Their contention is the average hack loads up his weight to the trail side on the backswing, and then never effectively gets that weight shift to the lead side on the downswing, thereby having the clubhead ground out in back of the ball. To compensate for this the average hack releases early and losses and effective COAM he/she might of had to hit an effective shot.

Their answer to compensate for this is to take a weight shift to the trail side compeletly out of the equation. They have to "Stack" put the weight on the LEAD side on the back swing by actually tilting your body towards the target side while doing this.

This gives a very centered swing where the lead shoulder goes very low on the back swing, and the trail shoulder is very high.

On the downswing you then make even more of a weight shift to the lead side and this causes ones swing to bottom out much further to the lead side then a normal swing does. The finish is a high reverse "C".

These two instructors are obviously TGM guys because they make numerous references to it and Homer Kelly. They even talk about "Accumulators" and the "flying wedge" which is Mark Eversheds "cocked trail wrist" being maintained throughout the entire swing.

I will give more info as I review more of the materials.

There is 4 dvds in the package.
It's $19.95 until you get to the last order page where the fine print at the bottom informs you of the other payments you'll be making, lol. Why don't they just tell you up front what the cost is? This infomercial type of advertising always makes me suspicious but I have read of others having lots of success with this swing. There's a guy on the FGI forum who has a very long running thread about his journey with it. Sure like to know how others are doing with this as well. How about you, Chaz? What are your thoughts so far? Do you feel this is something that might work for you? Best of luck.

Jerry
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Joined: July 27th, 2000, 3:15 pm

July 10th, 2008, 8:01 pm #7

BGG from the preset position. What are the similarities and differences? Besides the grip and SA alignment I mean. Specifically the Stack and Tilt vs the Preset
In BGG you get in the preset position, swing back with a weight shif and then on the downswing you go back to the preset.

On the S&T you lean to the left on the backswing, keeping the swing centered and then move more to the lead side on the downswing. There in NO weight shift to the trail side in S&T, none at all.
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Joined: October 29th, 2006, 3:58 pm

July 10th, 2008, 10:55 pm #8

I've been using S+T since reading the original ( not tremendously good ) articles in Golf Digest last year. Since then I've never hit the ball so well, my handicap has dropped from 10.7 to 8.7, I've had my first ever hole in one and won a few things too. The feeling of compressing the ball with the irons is quite amazing.

It is indeed of particular value to players who never quite feel they've got their weight over to the left side at impact. It's a One Plane swing and therefore quite simple and efficient, low maintenance which is also valuable for people like me who think life is too short to be standing on the range all day.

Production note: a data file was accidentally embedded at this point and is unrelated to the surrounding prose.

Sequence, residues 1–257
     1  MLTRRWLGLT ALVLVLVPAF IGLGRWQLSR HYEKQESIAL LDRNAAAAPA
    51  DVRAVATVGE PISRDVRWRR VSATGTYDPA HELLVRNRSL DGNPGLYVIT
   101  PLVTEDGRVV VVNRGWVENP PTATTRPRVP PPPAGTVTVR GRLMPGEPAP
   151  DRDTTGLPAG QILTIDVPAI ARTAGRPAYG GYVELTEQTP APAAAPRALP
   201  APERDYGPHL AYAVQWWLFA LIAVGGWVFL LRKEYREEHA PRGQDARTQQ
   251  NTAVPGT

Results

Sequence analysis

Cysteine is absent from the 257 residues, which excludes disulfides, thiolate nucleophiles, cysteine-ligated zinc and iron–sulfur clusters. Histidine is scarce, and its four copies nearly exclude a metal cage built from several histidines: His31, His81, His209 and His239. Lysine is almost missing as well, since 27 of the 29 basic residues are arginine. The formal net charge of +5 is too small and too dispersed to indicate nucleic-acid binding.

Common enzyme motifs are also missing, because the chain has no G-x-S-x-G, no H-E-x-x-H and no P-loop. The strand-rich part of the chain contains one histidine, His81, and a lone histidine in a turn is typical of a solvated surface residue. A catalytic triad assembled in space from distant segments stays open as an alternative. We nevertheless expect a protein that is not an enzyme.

Do you have any since of weight moving to your trail
side at all when you swing?
When you set up what do you think your weight distribution is?
Do you hit any iron shots thin and did you have to alter
your ball position?

I don't know much about s&t, but there is still a weight
shift of some kind right? I mean you don;t set up with your upper body tilted to the lead side before you swing?
ONE more please- do you feel like you might step through a
shot when you tilt.
OK.ONE MORE DO you tilt as far forward as you can or
can you or do you overdo it sometimes?

jC
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Joined: January 13th, 2001, 8:30 am

July 11th, 2008, 12:54 am #9

I've been using S+T since reading the original ( not tremendously good ) articles in Golf Digest last year. Since then I've never hit the ball so well, my handicap has dropped from 10.7 to 8.7, I've had my first ever hole in one and won a few things too. The feeling of compressing the ball with the irons is quite amazing.

It is indeed of particular value to players who never quite feel they've got their weight over to the left side at impact. It's a One Plane swing and therefore quite simple and efficient, low maintenance which is also valuable for people like me who think life is too short to be standing on the range all day.
Hi David,

Glad to hear of your success!

I had thought the stack and tilt would work best as a one plane swing since two plane swings are supposed to need more 'width', meaning a weight shift to the trail side on the backswing. I am of course assuming that you mean one plane swing as specified by Jim Hardy? That is the lead arm is more or less on plane with the shoulders at the top of the backswing?

Thanks in advance, Herbert
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Joined: January 13th, 2001, 8:30 am

July 11th, 2008, 12:58 am #10

It's $19.95 until you get to the last order page where the fine print at the bottom informs you of the other payments you'll be making, lol. Why don't they just tell you up front what the cost is? This infomercial type of advertising always makes me suspicious but I have read of others having lots of success with this swing. There's a guy on the FGI forum who has a very long running thread about his journey with it. Sure like to know how others are doing with this as well. How about you, Chaz? What are your thoughts so far? Do you feel this is something that might work for you? Best of luck.

Jerry
Hi Jerry,

I thought it interesting also how they mention 'getting stuck'. LOL, the immediate thought of the typical hacker is 'hmmmm, getting stuck is what happens to Tiger, I better not let that happen to me!' Terrific salesmanship in my opinion.

I wonder though what you need the instructional stuff for anyway, it seems simple enough to me???

Regards, Herbert